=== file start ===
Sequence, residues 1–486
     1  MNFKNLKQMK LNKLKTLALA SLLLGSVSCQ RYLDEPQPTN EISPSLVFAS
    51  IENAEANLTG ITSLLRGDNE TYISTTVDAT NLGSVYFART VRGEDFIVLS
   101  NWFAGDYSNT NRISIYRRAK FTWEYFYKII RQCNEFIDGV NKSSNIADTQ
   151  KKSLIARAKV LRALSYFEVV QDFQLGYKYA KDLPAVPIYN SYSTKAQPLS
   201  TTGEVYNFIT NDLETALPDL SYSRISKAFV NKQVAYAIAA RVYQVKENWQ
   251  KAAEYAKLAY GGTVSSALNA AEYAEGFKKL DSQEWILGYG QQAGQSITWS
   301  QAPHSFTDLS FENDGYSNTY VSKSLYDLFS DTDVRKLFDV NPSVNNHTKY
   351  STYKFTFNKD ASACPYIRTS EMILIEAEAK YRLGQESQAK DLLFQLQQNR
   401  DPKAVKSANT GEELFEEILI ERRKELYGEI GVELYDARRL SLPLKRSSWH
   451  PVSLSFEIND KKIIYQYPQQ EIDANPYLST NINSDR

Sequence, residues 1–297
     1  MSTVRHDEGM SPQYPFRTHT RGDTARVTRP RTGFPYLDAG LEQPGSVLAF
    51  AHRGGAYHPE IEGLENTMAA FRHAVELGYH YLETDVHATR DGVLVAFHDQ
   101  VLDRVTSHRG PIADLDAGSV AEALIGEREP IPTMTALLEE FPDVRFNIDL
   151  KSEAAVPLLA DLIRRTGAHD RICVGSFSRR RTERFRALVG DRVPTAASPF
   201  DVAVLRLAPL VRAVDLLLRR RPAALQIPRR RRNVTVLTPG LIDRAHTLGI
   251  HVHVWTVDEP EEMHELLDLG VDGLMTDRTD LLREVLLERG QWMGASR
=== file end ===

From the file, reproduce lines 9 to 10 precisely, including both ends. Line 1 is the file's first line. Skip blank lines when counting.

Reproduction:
   351  STYKFTFNKD ASACPYIRTS EMILIEAEAK YRLGQESQAK DLLFQLQQNR
   401  DPKAVKSANT GEELFEEILI ERRKELYGEI GVELYDARRL SLPLKRSSWH